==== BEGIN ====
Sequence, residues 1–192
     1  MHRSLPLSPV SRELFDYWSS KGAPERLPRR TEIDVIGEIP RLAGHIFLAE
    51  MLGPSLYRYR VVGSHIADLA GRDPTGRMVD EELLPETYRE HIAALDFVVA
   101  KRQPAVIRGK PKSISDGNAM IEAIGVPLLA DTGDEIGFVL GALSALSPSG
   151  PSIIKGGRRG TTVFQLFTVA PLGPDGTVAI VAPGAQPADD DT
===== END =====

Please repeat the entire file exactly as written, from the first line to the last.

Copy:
Sequence, residues 1–192
     1  MHRSLPLSPV SRELFDYWSS KGAPERLPRR TEIDVIGEIP RLAGHIFLAE
    51  MLGPSLYRYR VVGSHIADLA GRDPTGRMVD EELLPETYRE HIAALDFVVA
   101  KRQPAVIRGK PKSISDGNAM IEAIGVPLLA DTGDEIGFVL GALSALSPSG
   151  PSIIKGGRRG TTVFQLFTVA PLGPDGTVAI VAPGAQPADD DT